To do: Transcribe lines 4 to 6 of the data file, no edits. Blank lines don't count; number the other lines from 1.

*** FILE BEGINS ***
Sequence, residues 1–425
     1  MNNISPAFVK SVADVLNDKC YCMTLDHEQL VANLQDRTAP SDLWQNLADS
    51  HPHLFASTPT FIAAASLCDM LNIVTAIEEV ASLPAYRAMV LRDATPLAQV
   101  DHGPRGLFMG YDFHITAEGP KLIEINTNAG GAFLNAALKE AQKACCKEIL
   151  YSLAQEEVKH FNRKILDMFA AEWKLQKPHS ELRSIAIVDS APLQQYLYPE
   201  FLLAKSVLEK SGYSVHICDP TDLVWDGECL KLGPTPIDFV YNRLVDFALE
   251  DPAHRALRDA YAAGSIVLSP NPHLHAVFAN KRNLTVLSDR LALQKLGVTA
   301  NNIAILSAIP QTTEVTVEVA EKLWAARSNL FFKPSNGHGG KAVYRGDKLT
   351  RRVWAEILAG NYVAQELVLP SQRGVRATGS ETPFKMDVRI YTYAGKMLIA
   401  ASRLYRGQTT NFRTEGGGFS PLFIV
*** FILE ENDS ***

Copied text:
   101  DHGPRGLFMG YDFHITAEGP KLIEINTNAG GAFLNAALKE AQKACCKEIL
   151  YSLAQEEVKH FNRKILDMFA AEWKLQKPHS ELRSIAIVDS APLQQYLYPE
   201  FLLAKSVLEK SGYSVHICDP TDLVWDGECL KLGPTPIDFV YNRLVDFALE